The House of Illustration is a relatively new gallery in the recently redeveloped Granary Square in King’s Cross. It is home to changing exhibitions covering the history of illustration in all its forms: recent exhibitions have included images from Ladybird books and the work of Quentin Blake.
I visited in order to see the Main Gallery exhibition, E. H. Shepard: An Illustrator’s War. Shepard is perhaps best known for his classic illustrations of A. A. Milne’s Winnie-the-Pooh stories, probably as well-known as the books themselves. I had no idea until very recently that he also produced a great deal of work while serving in the trenches of the First World War.
Shepard’s distinctive style is evident in these wartime artworks, but the subject matter is very different. His pictures include humorous images of soldiers trying to make the best of life in the trenches, stark pictures of bare landscapes, and even topographical works used for strategic purposes. Many of his cartoons were sent to Punch and other publications. Shepard also spent time in Italy towards the end of the war, producing fascinating drawings of the scenes he witnessed, and meeting none other than the author Ernest Hemingway. Some of his work was more personal: he drew pictures in his diaries and in letters to his wife, which are on display for the first time. It was fascinating to see this different side to the familiar illustrator.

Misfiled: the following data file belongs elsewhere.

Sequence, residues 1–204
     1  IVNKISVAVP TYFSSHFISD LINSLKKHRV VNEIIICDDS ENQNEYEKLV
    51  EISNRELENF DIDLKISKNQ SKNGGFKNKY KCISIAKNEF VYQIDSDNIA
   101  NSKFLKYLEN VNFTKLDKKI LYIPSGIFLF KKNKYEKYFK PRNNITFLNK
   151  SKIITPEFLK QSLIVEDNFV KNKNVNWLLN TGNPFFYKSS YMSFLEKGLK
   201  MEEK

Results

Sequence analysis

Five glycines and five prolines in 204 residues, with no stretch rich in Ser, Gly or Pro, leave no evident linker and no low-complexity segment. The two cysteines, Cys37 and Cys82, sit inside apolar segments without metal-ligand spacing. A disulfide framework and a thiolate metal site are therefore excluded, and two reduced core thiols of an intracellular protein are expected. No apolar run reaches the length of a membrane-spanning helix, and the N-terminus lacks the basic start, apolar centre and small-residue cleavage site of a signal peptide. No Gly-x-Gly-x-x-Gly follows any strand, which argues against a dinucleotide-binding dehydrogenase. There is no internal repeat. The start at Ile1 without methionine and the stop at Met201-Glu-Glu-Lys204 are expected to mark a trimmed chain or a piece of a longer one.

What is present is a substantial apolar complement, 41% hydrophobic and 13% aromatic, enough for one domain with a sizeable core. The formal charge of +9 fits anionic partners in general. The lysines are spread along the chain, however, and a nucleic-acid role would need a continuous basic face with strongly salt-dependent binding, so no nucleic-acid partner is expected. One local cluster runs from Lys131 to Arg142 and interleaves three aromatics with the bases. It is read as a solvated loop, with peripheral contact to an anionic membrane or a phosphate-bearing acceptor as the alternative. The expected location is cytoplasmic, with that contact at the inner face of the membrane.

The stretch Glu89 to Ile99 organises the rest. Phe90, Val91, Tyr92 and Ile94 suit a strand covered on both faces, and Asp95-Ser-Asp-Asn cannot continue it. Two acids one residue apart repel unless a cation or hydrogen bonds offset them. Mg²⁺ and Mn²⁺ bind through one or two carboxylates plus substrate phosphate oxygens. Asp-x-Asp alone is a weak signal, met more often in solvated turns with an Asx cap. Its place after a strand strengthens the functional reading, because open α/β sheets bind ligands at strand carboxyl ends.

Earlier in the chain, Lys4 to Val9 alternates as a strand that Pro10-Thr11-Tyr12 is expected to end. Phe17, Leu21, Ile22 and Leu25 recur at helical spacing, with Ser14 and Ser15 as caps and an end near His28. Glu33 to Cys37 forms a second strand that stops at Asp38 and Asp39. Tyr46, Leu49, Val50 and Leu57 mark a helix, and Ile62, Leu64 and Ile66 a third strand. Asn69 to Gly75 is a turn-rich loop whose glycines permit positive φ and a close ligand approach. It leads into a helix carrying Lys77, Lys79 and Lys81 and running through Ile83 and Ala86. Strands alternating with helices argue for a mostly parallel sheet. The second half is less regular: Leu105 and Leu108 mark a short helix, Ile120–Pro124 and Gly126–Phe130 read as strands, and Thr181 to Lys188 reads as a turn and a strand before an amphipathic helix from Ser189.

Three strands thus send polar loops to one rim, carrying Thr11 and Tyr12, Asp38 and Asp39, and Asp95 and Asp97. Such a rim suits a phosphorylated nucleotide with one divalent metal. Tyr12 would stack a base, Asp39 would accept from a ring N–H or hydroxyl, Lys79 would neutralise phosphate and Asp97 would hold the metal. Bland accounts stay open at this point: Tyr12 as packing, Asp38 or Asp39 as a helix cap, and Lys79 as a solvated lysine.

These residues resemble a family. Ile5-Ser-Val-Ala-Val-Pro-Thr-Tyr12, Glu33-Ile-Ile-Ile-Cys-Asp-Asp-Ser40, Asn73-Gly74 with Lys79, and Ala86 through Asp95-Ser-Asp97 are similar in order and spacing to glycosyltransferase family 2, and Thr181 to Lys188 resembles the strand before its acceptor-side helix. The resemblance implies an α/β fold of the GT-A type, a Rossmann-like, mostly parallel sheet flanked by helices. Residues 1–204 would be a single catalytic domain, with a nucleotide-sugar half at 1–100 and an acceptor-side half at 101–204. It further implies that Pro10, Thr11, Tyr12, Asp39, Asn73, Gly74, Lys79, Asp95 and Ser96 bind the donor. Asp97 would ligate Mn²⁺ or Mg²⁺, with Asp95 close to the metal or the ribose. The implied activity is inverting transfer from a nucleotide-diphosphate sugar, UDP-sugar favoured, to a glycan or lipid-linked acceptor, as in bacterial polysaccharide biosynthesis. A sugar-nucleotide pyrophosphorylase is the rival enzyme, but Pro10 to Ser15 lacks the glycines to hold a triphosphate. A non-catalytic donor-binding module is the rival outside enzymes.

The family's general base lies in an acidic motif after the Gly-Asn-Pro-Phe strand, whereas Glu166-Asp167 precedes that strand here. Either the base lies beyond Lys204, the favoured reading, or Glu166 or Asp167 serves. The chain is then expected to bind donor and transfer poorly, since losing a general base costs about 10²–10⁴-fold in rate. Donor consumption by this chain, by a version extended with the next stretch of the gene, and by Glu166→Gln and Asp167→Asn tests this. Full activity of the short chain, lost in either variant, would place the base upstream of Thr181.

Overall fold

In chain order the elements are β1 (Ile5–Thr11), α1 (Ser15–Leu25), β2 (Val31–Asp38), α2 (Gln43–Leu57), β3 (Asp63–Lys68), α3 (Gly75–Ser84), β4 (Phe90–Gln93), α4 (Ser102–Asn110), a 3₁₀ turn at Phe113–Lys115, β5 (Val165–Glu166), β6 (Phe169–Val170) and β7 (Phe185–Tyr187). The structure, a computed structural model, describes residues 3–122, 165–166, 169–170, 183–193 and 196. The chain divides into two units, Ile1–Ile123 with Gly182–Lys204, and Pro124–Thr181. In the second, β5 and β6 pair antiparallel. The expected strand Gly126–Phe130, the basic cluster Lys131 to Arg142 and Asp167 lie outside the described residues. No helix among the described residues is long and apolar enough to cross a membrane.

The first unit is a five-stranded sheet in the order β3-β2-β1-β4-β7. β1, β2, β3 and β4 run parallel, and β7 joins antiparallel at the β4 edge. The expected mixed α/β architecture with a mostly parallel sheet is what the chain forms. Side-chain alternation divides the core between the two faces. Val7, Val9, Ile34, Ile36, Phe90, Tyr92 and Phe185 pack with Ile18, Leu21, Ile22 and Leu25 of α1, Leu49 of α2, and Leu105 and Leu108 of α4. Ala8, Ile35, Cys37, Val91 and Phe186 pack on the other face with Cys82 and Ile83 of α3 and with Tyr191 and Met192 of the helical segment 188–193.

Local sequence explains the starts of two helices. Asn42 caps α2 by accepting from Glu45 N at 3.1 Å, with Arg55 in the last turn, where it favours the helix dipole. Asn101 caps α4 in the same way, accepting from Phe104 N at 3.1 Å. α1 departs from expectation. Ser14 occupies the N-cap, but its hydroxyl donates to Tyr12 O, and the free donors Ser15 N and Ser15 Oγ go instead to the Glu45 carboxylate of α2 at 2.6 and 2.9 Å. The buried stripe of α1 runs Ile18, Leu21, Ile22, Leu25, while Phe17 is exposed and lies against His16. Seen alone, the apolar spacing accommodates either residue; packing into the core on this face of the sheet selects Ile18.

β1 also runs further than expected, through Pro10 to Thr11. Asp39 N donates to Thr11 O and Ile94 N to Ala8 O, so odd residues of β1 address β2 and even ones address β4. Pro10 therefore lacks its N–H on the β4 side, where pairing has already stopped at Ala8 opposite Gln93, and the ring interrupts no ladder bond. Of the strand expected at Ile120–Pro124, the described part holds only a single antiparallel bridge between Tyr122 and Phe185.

While in the building I also visited the exhibition in the South Gallery, Lauren Child’s Dolls’ House. Childs is an author and illustrator most famous for the Charlie and Lola books – I’ve heard of these books even though I don’t have anything to do with small children, which suggests that they are pretty successful. Childs has been working on her own dolls’ house for over 30 years, and it is beautiful – extremely detailed. Alongside the house, sets from the author’s works are displayed: the book The Princess and the Pea was made with photographs of three-dimensional miniature sets.
The House of Illustration is well worth a visit, possibly more than one, as the constantly changing exhibitions ensure that you are likely to go back again and again.
Address: 2 Granary Square, King’s Cross, London, N1C 4BH
Opening Hours: 10-6 Tues-Sun
Prices: £7.70 adults, £5.50 concessions, £4.40 children; half price for Art Fund members